In which the forces of the market, the conventions of genre, and the tyranny of the Youtube algorithm conspire to ruin poetry.
Consider: the hills you are willing to die on say more about you than any other aspect of your personality. In a long, compliant grade-school career, I refused to do two things outright, both times to preserve my dignity (which I prize jealously as a somewhat limited commodity).
The first was basketball. The second was writing and performing a slam poem, because I cannot bear to use Slam Poet Voice in the hearing of any living person.
Slam Poet Voice, used in what seems like the vast majority of spoken word poetry, differs from Regular Poet Voice (also annoying, also ubiquitous) in its intensity: the Regular Poet intones weightily, while Slam Poet Voice is more of a yelp, delivered in a pitch slightly above normal speaking register and littered with dramatic but unnecessary pauses. Because slam poets perform without text in hand, they can also add baffling gestures. This … is … (sudden hand gesture) POETRY, says Slam Poet Voice, before rapidly listing eight vivid metaphors. Where did this voice come from and why do I hate it?
Slam poetry took off in large American cities during the 1980s and 90s, drawing on hip-hop and spoken word conventions. It is a sport, where teams of poets compete for points awarded by judges. Button Poetry, a poetry production company, started uploading filmed slam poems to YouTube in 2011; you may know their viral recording of Neil Hilborn’s poem ‘OCD’.
It’s these two factors, the standardization imposed by competition and the tyranny of the Youtube algorithm, which make Slam Poet Voice so ubiquitous. As popular works in a genre (see above) are widely consumed, they become widely imitated, and those imitations get their own imitations. Tropes turn to clichés as poets’ idea of a successful poem becomes ossified. We learn to write and perform through imitating the works that made us want to create in the first place.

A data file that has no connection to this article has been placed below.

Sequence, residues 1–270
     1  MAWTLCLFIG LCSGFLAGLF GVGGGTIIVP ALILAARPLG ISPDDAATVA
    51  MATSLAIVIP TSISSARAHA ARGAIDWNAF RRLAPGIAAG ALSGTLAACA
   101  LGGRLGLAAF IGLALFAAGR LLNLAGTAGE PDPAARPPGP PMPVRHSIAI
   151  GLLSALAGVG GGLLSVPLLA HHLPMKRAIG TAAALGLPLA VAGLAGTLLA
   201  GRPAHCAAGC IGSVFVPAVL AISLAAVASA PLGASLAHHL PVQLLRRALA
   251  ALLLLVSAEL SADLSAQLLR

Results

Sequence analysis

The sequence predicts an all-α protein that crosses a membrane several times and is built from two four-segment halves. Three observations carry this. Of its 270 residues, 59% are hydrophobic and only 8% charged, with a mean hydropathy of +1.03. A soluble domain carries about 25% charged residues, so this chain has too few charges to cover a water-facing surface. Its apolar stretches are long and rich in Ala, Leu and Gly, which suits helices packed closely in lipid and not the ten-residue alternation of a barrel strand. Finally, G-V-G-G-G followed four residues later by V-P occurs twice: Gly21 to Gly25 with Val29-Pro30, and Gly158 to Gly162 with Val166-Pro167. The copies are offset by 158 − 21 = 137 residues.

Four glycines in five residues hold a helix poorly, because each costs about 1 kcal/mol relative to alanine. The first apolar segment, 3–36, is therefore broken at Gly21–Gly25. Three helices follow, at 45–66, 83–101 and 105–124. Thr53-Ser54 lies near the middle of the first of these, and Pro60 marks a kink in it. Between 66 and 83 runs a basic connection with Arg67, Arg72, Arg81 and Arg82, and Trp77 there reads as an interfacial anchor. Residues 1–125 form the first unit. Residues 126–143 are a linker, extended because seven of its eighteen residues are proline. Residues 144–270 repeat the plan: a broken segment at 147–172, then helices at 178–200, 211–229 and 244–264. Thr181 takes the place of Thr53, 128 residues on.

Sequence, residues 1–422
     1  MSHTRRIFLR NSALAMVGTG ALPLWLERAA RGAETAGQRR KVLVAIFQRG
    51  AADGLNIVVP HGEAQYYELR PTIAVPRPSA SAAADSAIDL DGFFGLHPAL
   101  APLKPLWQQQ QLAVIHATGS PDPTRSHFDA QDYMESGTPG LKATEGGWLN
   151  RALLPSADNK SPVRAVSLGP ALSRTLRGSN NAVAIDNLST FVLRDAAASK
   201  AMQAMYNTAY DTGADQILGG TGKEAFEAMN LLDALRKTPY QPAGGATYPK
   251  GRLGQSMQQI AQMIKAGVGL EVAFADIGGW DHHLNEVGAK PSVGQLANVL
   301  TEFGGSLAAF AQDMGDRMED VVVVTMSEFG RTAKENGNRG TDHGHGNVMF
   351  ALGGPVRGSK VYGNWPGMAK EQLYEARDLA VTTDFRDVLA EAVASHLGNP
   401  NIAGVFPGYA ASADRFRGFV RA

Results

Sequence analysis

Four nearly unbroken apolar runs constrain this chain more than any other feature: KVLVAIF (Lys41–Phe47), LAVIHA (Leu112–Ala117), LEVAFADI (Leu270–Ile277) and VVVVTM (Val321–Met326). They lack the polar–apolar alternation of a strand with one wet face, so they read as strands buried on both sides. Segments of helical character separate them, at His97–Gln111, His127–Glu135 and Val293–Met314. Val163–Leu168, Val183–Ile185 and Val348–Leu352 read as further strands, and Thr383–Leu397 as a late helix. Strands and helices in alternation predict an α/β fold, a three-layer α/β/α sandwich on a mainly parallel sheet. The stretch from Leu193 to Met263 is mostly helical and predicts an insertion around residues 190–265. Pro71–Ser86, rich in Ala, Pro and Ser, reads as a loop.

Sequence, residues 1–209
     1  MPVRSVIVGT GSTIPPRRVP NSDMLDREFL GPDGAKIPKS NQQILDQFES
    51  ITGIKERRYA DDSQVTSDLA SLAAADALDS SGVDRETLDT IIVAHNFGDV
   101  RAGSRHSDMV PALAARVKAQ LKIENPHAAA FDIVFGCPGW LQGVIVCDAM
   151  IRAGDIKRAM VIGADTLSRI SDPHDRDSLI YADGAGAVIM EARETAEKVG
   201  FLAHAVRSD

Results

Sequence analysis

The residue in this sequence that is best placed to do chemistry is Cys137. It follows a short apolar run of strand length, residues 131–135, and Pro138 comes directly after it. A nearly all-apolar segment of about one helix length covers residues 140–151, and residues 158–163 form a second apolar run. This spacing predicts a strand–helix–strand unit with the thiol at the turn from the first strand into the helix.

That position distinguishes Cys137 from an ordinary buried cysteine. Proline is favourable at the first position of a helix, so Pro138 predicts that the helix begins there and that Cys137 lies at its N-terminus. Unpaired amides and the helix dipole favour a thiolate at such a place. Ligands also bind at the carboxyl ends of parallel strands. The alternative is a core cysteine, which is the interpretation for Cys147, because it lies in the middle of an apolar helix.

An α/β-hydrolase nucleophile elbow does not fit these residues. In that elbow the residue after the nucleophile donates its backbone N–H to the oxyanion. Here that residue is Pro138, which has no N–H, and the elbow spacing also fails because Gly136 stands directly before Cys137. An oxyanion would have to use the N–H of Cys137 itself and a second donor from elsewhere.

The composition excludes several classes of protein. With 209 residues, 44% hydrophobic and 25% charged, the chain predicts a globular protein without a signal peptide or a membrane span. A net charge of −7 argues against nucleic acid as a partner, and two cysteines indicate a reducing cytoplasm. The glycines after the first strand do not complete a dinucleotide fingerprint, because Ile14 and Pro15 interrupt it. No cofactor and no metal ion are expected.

Slam poets are working within frameworks that literally reward conforming to certain genre standards with cash prizes, YouTube hits, and book deals. They are implicitly under pressure to produce deeply confessional, emotionally intense works, and to perform them like they’ve seen other people perform their own confessional poems, live and on YouTube. One way of performing a text becomes the only way of performing any text, because coming up with a new delivery is often the hardest part of interpretation (ask any actor who’s played Hamlet; there are a finite number of ways to say a given set of words).
‘OCD’ has 14 million hits on YouTube, which is about as good as it gets for a poetry recitation. It’s a lovely, wrenching poem, and also, it is delivered in an iconic Slam Poetry Voice. This is the tragedy of cliché: not that it makes works bad, but that it renders good work ever so slightly more mediocre. By rendering all texts alike, Slam Poetry Voice stands in between the listener and the reception of any individual text on its own merits.
In summation: competition and capitalism ruin art, avoid mediocrity by consuming as widely as possible, and I was right about that grade 12 English project, sorry Mr. Wade!
2 thoughts on “All Spoken Word Poetry Sounds the Same and I Hate It”
I actually wrote a paper about slam poetry for a linguistics course, trying to understand why they all sound the same. My main argument is that the ‘voice’ they use (changes in volume and speed, pauses) is how slam poetry is marked as a genre, similarly to how you can distinguish some genres of written poetry by their form, like sonnets and limericks. And it’s different than simply reading a written poem aloud as that written poem was originally intended for the page and so made use of written techniques, whereas a slam poem is designed to be heard.
I do agree, though, that it’s not my favourite thing to listen to. It can get a bit tiring. There’s one poet that I really enjoy though, Sarah Kay, who I find doesn’t quite follow the same pattern as other slam poets.
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Thank you so much for your insight! This is interesting, as I know there’s been a movement toward publishing spoken word work in physical formats – so now I’m wondering what this does for the form. Do these poems still ‘work’ on the page, or have they lost (or gained?!?) something by crossing over from oral to written?
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